QUESTION 6.3: Are there any other hard cases or unfair outcomes you believe that the government may not have considered if the Personal Allowance for non-residents were to be withdrawn?
QUESTION 6.4: In practice are non-resident individuals claiming the UK Personal Allowance on the basis of criteria other than UK residence or EEA nationality?
QUESTION 6.5: If the government were to remove the entitlement to the UK Personal Allowance by virtue of EEA nationality to what extent would non-residents you are familiar with claim the UK Personal Allowance on the basis of other criteria currently in Section 56 Income Tax Act 2007? Please provide what evidence you can in support of your answer.
QUESTION 6.6: Which, if any, of the criteria other than UK residence or EEA nationality in Section 56 Income Tax Act 2007 do you think are relevant to the in the 21st century? Should these criteria be repealed? Are there any other criteria in Section 56 on which individuals should be entitled to the UK Personal Allowance? Please provide evidence in support of your answer.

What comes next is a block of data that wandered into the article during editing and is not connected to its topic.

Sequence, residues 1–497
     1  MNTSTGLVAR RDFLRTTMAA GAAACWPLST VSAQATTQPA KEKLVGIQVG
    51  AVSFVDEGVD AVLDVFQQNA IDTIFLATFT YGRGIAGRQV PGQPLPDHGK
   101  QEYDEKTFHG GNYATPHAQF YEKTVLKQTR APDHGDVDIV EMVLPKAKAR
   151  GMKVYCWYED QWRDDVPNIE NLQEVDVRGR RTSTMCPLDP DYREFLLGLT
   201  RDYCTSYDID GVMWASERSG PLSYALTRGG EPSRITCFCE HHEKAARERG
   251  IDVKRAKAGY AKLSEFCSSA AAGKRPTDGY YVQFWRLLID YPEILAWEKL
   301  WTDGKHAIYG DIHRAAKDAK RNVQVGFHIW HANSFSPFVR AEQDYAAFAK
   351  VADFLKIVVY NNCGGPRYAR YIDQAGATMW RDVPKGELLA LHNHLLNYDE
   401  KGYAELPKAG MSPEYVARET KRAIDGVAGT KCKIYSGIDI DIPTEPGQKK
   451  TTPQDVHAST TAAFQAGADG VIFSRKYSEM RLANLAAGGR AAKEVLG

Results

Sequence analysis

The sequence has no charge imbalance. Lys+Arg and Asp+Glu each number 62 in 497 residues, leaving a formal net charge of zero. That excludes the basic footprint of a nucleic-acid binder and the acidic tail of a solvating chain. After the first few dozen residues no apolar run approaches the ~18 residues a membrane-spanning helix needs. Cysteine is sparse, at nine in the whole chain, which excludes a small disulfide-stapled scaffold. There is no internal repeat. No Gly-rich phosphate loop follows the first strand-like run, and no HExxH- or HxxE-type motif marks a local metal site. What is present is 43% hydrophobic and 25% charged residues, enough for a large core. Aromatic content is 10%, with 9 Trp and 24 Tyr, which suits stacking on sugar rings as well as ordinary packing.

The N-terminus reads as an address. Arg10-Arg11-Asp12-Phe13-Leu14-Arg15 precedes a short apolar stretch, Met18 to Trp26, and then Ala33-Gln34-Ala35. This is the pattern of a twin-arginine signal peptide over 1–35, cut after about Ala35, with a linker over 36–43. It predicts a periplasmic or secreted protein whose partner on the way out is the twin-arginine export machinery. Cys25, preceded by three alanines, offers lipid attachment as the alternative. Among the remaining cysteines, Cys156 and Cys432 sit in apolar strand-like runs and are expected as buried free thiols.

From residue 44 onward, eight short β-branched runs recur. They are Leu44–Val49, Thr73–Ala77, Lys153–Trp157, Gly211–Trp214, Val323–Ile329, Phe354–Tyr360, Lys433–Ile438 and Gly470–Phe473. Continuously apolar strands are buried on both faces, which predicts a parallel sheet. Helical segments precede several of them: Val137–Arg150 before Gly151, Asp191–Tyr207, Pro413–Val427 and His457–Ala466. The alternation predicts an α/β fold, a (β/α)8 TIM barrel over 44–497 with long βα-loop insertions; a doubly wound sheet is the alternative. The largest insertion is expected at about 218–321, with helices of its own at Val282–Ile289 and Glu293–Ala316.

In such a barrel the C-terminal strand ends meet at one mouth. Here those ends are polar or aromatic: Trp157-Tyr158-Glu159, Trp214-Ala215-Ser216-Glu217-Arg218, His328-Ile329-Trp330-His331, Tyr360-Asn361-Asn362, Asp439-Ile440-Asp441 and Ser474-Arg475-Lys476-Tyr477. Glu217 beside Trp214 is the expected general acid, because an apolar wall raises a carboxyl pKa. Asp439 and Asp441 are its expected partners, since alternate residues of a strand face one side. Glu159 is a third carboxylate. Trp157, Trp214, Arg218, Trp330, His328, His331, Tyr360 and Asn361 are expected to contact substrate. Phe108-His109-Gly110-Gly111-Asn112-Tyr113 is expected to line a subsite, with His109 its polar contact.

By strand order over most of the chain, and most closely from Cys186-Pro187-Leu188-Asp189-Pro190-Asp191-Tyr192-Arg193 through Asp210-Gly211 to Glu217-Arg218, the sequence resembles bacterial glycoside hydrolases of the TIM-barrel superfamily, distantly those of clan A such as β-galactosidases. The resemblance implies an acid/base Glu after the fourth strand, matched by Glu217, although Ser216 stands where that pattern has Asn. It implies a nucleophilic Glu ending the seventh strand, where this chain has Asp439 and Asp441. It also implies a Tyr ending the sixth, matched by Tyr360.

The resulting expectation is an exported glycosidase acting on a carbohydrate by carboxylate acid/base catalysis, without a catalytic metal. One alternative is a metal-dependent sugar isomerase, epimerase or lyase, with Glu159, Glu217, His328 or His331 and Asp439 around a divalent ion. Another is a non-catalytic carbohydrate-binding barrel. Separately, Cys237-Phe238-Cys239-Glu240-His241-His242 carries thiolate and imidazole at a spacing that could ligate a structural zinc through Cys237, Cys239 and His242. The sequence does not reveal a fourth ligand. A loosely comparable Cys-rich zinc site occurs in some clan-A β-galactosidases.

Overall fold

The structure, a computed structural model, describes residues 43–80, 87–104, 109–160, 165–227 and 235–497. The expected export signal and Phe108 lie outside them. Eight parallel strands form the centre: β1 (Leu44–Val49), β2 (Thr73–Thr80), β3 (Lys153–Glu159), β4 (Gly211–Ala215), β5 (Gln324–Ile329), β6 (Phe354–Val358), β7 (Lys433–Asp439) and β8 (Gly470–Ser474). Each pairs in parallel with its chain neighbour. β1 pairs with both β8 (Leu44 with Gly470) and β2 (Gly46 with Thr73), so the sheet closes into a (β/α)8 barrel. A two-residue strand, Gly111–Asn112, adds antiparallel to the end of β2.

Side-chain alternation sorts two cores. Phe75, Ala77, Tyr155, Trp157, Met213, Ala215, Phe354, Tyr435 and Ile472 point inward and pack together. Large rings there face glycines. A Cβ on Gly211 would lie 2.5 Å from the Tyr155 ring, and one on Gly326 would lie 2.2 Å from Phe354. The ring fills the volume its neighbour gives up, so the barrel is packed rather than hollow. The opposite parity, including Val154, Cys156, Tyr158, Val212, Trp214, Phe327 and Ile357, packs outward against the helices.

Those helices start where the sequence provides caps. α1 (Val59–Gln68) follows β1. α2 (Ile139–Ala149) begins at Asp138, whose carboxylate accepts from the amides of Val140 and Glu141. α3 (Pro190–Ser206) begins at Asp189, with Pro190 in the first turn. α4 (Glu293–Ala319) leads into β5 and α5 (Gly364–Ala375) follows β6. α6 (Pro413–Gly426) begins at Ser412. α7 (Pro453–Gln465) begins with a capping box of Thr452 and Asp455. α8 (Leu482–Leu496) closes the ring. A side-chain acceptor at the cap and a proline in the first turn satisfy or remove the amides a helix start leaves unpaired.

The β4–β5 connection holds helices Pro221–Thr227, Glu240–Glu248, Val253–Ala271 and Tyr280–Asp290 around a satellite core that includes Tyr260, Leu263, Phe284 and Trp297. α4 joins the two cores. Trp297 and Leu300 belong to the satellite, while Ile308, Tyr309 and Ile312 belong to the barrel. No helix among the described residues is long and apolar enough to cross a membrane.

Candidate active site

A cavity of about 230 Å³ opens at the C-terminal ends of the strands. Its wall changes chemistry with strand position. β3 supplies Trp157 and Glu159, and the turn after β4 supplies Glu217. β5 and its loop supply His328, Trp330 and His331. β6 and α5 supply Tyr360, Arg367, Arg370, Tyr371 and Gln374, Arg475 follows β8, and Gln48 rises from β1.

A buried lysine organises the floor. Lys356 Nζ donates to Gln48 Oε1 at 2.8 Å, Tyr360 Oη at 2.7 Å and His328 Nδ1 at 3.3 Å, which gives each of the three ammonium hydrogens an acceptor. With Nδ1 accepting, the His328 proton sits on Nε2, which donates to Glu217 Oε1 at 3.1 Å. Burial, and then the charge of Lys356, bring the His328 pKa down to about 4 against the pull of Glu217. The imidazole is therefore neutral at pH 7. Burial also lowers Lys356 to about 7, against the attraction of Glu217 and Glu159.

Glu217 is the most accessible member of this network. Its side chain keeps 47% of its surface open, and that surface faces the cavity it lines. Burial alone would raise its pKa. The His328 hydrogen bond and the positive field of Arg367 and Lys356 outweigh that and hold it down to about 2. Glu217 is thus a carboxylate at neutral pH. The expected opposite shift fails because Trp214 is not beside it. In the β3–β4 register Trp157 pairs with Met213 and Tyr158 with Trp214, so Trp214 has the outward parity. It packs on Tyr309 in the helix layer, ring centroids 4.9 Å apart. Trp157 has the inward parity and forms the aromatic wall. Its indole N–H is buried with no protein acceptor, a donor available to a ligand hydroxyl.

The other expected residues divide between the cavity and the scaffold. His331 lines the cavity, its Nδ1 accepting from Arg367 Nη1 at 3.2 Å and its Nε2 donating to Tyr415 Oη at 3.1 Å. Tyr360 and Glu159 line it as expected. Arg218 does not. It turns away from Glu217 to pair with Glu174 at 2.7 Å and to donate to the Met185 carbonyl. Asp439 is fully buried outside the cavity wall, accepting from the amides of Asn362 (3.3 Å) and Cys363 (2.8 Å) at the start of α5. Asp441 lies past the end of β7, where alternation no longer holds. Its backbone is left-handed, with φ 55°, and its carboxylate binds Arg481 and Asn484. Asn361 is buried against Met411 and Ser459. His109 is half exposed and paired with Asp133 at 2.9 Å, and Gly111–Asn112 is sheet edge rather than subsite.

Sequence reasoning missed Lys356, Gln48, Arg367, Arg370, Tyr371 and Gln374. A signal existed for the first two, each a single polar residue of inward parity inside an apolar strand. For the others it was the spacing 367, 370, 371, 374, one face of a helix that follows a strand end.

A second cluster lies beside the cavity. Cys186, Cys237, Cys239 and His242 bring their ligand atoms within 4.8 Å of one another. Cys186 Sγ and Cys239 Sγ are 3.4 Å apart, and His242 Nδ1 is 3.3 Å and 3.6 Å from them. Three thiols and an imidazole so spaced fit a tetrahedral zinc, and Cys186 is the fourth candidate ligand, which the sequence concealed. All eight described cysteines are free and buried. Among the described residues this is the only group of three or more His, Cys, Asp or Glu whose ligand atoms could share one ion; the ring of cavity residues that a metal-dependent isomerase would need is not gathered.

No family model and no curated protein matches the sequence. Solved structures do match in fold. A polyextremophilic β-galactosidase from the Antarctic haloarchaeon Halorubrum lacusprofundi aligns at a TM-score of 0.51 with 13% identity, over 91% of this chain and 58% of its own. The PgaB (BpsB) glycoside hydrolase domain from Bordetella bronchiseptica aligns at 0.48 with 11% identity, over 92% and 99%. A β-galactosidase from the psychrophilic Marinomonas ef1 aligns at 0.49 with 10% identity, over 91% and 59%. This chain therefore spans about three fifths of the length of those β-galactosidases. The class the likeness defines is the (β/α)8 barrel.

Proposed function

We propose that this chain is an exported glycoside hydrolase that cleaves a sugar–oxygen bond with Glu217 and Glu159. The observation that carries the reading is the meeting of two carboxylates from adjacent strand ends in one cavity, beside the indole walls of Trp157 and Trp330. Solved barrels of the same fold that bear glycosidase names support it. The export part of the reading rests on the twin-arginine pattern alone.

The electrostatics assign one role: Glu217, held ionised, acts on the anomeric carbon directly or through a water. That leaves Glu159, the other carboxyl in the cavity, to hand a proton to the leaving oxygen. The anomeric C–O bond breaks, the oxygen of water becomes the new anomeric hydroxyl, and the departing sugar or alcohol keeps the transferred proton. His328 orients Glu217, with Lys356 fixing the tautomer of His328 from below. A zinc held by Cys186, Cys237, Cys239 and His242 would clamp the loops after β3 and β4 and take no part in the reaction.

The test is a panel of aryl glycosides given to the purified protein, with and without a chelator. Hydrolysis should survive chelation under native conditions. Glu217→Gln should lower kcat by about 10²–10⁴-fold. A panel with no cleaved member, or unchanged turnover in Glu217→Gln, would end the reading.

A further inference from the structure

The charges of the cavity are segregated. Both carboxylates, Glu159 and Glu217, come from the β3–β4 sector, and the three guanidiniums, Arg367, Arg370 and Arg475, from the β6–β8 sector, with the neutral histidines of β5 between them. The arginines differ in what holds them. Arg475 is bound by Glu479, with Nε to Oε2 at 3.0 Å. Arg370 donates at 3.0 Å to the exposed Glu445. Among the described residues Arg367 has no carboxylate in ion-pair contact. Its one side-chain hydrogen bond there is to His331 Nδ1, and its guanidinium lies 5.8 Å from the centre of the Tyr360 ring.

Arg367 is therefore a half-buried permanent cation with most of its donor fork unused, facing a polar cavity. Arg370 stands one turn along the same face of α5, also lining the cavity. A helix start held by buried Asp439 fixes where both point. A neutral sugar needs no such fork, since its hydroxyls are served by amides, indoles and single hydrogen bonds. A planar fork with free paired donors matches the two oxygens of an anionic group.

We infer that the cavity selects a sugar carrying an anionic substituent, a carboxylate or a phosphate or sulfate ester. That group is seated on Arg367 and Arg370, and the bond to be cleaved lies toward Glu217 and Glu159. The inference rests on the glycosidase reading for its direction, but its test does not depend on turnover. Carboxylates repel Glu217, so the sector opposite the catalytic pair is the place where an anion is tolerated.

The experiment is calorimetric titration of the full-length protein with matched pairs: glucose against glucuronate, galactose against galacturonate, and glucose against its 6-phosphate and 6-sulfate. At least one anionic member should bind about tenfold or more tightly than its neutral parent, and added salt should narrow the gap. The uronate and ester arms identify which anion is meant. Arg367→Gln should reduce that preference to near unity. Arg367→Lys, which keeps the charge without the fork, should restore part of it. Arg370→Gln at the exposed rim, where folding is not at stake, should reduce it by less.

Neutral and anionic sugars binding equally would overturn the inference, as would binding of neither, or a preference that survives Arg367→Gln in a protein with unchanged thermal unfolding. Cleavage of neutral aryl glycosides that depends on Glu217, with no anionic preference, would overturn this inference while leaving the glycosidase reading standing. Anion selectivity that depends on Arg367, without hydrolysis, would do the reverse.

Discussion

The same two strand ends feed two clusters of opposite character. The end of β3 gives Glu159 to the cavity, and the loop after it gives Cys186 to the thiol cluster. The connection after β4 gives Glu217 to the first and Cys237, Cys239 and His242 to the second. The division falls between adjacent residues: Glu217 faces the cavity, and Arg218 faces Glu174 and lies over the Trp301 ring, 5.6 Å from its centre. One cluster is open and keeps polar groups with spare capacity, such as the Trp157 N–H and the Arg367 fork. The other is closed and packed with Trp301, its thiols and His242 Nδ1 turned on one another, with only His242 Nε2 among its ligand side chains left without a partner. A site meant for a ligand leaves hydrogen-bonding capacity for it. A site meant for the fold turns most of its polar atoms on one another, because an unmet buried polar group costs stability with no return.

QUESTION 6.7: How widespread is knowledge of residence status amongst PAYE scheme operators, particularly employers? How easy would asking employees to declare their tax residence be for employers?
QUESTION 6.8: How could the PAYE starter process be best used to ensure that most people get the correct tax code at the start of the employment if the government decides to restrict the availability of PAs to non-residents? What questions could be used to indicate residence status? Is the new starter process a sensible way to identify non-residents? What other processes could be adapted, with minimal additional burden, to identify non-residents?
QUESTION 6.9: Although the government will consult on detail if it decides to restrict non-residents' entitlement to the UK Personal Allowance do you have any preliminary views as to whether any system should lean toward restriction or entitlement?